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Iraq intelligence fallout vexes Blair

The controversy over British weapons expert David Kelly, the leaked source of a BBC report, who was buried Wednesday, has opened a Pandora’s Box of issues for Prime Minister Tony Blair’s government.
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Friends and family mourned Wednesday at the burial of British weapons expert David Kelly, who has been named as the source of a report accusing Prime Minister Tony Blair’s office of exaggerating intelligence on Iraq’s weapons programs. The suicide of Kelly, a renowned authority on Saddam Hussein’s arsenals, has sparked an inquiry that is expected to further embroil Blair’s government in damaging charges that Downing Street misled the public in the run-up to the war.

Blair reached a milestone on Saturday when he became the longest serving Labor leader in Britain’s history. During his final press conference before leaving for Barbados with his wife and four children, the prime minister expressed his interest in remaining in office should his party be victorious in the next election, expected in 2005.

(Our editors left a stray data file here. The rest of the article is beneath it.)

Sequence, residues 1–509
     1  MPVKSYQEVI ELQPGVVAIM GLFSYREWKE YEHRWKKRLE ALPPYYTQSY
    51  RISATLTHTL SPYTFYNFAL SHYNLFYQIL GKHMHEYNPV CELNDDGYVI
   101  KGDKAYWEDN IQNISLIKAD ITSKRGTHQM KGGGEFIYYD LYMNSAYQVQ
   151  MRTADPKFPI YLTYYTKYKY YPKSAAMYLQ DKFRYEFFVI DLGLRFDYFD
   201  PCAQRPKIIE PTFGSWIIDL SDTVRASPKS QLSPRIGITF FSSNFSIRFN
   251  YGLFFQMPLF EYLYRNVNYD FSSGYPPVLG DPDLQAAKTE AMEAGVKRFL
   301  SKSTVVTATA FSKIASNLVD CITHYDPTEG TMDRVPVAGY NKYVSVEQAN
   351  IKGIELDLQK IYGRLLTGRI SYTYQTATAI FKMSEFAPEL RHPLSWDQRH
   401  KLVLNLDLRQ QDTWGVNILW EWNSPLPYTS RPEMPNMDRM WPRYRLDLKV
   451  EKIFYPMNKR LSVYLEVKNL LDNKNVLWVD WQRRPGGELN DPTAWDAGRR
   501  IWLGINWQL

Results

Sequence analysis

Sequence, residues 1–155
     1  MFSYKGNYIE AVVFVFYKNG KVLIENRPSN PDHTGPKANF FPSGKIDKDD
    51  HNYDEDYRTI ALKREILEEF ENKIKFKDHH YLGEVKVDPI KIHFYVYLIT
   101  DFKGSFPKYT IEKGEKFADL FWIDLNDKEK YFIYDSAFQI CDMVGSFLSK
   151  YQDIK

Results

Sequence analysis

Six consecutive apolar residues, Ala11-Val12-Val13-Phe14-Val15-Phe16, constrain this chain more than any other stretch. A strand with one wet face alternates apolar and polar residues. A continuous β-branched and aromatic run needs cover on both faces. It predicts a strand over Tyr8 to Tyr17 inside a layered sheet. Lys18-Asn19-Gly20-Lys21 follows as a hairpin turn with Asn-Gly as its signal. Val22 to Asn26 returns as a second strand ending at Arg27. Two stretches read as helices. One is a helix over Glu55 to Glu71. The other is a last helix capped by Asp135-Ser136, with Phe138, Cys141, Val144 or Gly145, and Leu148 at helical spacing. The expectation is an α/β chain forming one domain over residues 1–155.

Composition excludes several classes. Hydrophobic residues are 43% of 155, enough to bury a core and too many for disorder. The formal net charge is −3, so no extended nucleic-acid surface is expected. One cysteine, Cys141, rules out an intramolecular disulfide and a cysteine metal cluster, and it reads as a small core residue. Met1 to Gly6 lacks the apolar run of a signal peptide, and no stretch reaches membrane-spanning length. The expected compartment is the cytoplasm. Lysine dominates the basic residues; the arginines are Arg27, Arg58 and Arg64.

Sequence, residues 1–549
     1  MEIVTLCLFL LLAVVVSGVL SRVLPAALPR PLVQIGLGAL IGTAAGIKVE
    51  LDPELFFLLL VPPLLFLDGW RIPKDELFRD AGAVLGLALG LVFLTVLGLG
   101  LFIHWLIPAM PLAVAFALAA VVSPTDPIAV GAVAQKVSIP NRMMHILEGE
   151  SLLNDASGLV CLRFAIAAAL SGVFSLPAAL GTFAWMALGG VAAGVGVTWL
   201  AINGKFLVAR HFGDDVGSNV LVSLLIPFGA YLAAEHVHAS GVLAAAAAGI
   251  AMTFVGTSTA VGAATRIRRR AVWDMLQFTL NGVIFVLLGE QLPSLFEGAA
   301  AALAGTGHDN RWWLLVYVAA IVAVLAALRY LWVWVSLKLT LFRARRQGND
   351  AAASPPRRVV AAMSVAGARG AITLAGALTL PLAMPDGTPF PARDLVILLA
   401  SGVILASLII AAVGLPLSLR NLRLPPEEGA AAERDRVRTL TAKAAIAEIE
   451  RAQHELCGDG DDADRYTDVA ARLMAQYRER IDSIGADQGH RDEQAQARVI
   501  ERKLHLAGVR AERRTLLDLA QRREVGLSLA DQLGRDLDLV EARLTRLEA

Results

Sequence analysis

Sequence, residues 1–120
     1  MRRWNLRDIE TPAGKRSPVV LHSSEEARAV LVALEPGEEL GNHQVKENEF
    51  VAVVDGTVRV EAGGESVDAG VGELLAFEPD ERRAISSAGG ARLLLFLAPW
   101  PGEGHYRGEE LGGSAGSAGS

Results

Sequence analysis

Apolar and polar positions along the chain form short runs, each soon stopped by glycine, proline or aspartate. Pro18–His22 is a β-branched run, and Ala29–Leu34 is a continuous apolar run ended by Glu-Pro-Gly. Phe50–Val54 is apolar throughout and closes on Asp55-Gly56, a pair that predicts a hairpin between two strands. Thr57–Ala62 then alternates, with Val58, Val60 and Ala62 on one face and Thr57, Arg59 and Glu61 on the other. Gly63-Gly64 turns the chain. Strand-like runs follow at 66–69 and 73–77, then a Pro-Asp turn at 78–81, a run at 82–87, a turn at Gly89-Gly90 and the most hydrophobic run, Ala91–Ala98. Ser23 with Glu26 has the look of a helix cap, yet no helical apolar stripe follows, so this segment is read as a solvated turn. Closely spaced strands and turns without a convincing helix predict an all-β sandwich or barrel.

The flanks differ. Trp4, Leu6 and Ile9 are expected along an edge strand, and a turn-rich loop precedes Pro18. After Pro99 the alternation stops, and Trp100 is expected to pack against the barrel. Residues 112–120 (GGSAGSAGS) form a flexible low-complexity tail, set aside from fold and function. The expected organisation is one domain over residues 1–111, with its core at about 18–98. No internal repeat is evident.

“There’s a big job of work still to do and my appetite to do it is still undiminished,” the 50-year-old prime minister told reporters last Wednesday.

Despite his enthusiasm, Blair’s popularity has languished over the discrepancy between pre-war statements on Iraq’s alleged arsenal, and the lack of post-war proof. Over half of the electorate, 52 percent, trusts Blair a little bit or not at all, while the Labor Party’s rating has fallen to its lowest in 16 years, according to a poll cited in The Times of London on Tuesday.

“I accept there is an issue that we have to confront,” Blair said last week when questioned about the British public’s lack of trust in the government.

“People need to know that what we did in Iraq was right and justified. That’s a case we have to not just assert, but prove over time, both in relation to weapons of mass destruction and in relation to the improvement of Iraq,” he said.